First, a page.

Several severe infestations of the invasive weed yellow flag iris were caught just in time thanks to responses from Whangarei District residents to a Department of Conservation postcard campaign on weeds.
DOC’s Northland Weed Surveillance Officer Liz Sherwood said “I visited most callers to identify the suspected plant and determine the distribution of the weed. On one property, I discovered yellow flag iris smothering a river bank. If the seeds had gotten into the stream, the weed would have spread very rapidly downstream.”
Ms Sherwood said DOC received approximately 35 calls from the public in response to the publicity postcards distributed to households in November and that she was very happy with the positive response.
Ms Sherwood said those people visited were keen to help the campaign by agreeing to remove the flower and seed heads now to help reduce its spread, while DOC would return to properties in autumn to spray or dig out the small patches. “In return for people’s effort we give them a native plant of their choice.”
“People have mostly been given cuttings of the iris from friends or family, and some of the cuttings have come from Auckland. Many of the gardeners have noticed the iris spreading through their garden.
“It is a concern to DOC that plants, such as yellow flag iris, that are banned from sale, propagation and distribution continue to be traded unknowingly by gardeners. There are a further 91 weed species on the National Plant Accord List which are banned from sale because they have proved to be invasive weeds. The list is produced by the Ministry of Agriculture and Forestry and is available at DOC and Northland Regional Council offices and at the Protect New Zealand website (www.protectnz.org.nz).”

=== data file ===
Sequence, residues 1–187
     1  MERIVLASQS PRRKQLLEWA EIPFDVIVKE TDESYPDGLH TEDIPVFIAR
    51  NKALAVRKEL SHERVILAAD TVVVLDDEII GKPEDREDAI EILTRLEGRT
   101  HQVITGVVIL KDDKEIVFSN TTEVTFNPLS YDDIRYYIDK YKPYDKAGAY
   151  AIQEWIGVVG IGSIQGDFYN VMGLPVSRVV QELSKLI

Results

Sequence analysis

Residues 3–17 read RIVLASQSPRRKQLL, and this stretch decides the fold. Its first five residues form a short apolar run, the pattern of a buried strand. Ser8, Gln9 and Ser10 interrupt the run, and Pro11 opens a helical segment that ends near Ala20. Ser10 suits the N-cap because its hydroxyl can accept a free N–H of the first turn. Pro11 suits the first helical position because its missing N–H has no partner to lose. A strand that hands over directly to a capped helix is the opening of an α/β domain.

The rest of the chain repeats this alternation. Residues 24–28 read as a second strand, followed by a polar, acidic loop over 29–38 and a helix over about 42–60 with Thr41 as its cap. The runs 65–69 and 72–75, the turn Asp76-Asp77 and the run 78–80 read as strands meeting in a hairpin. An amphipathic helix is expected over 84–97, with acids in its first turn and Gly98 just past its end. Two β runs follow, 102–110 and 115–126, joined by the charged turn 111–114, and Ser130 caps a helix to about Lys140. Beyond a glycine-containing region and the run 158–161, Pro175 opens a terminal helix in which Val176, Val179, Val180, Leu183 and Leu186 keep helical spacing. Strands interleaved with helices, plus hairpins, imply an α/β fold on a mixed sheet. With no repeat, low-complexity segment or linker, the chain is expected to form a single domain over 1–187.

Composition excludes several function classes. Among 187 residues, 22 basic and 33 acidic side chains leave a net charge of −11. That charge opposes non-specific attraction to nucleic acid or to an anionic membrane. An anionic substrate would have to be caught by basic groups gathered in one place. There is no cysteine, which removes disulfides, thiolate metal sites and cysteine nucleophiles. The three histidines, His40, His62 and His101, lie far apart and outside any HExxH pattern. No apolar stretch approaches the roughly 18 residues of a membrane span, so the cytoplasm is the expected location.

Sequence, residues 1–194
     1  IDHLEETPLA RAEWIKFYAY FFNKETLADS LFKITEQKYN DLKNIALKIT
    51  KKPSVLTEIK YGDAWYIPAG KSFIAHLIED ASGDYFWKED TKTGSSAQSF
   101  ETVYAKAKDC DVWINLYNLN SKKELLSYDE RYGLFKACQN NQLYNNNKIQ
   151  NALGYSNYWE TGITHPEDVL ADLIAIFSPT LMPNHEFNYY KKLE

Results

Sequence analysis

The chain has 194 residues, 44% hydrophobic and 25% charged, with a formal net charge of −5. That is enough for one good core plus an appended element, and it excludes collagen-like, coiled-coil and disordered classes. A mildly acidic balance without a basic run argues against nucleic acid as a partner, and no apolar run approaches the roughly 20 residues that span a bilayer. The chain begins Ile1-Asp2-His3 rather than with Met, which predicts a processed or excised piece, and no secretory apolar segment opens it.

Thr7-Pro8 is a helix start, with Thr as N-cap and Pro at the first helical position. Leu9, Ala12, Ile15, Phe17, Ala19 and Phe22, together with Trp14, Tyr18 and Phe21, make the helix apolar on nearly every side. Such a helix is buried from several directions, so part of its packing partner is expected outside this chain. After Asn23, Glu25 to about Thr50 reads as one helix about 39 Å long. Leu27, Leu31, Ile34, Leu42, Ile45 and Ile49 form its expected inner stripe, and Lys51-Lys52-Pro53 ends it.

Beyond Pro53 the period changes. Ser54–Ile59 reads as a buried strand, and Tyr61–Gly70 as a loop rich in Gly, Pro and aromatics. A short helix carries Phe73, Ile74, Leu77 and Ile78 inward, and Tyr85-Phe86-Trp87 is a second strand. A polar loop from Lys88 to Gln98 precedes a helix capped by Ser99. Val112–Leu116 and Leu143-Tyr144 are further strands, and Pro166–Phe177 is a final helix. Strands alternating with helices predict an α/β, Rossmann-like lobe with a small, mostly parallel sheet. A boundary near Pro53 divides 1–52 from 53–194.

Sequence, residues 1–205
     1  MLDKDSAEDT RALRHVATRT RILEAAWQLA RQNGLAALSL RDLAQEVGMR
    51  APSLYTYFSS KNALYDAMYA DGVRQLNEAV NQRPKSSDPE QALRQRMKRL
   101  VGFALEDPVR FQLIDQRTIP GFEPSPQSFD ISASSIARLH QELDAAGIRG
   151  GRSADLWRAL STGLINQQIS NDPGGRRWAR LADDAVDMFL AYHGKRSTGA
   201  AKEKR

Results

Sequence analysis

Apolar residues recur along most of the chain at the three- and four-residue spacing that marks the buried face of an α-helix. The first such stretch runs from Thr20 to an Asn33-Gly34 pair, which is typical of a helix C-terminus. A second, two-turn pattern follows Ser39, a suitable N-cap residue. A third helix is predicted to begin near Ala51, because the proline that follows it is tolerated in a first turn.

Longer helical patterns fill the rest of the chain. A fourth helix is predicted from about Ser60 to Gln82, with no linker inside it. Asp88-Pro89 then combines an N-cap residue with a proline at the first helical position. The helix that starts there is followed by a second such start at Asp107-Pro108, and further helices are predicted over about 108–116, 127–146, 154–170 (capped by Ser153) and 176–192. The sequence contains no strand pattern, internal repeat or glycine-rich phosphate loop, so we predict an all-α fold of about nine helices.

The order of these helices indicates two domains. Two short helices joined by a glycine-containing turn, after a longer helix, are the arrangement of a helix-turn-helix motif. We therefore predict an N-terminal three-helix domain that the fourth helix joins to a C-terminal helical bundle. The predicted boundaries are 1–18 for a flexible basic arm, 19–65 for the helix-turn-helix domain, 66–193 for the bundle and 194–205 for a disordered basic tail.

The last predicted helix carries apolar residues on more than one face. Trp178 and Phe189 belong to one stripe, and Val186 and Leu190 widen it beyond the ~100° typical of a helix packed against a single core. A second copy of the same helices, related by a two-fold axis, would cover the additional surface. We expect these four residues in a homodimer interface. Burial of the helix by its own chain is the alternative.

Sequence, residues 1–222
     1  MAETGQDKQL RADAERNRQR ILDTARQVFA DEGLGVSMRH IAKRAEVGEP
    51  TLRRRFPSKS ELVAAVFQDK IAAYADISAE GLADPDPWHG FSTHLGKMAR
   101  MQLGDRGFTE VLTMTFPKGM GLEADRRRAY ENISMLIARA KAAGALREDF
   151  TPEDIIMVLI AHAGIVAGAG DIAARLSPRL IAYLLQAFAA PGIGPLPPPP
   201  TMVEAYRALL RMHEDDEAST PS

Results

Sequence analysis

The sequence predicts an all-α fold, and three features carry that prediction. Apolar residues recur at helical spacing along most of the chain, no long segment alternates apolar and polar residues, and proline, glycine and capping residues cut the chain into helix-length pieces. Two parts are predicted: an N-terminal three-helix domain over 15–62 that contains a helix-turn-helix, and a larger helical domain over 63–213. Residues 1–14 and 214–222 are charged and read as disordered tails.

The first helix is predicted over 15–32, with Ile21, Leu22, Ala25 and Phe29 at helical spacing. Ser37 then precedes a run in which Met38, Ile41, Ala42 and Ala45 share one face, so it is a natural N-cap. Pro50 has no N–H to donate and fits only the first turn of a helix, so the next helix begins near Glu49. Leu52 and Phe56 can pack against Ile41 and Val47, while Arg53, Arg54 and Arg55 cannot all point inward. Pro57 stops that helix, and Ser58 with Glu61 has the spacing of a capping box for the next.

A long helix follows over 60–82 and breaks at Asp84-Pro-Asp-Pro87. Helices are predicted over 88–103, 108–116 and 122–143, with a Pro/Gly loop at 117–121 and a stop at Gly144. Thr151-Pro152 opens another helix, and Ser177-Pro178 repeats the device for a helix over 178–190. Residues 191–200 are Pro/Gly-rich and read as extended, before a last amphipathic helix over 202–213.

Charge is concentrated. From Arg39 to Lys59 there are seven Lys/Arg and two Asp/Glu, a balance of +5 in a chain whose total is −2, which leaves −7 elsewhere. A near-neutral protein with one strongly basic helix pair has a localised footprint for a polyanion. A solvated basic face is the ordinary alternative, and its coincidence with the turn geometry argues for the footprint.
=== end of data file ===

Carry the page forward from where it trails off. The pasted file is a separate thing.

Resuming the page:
Ms Sherwood said “We’ve sprayed the bulk of the yellow flag iris infestation at Waipu this month, although the changeable, wet and windy weather conditions have drawn out the programme. This first spray round is to knock back the bulk of the infestation and prevent the seeds from maturing then sprouting next spring.” She said the programme was a real team effort between DOC and the community.
Flower production is not impressive when compared with other irises, however, many viable seeds are produced from each flower. The large rhizomes (like tubers) allow the plant to bulk up quickly in damp environments where it can grow to a height of two metres and exclude other plants.
“It is not too late to report the whereabouts of yellow flag iris or any of the other ten ‘postcard weeds’ which DOC will remove free of charge. People can collect postcards from any DOC office.”
Ms Sherwood said “We will control these weeds because they are a huge threat to our natural areas, but they are uncommon enough that we can get on top of them if our community reports them.”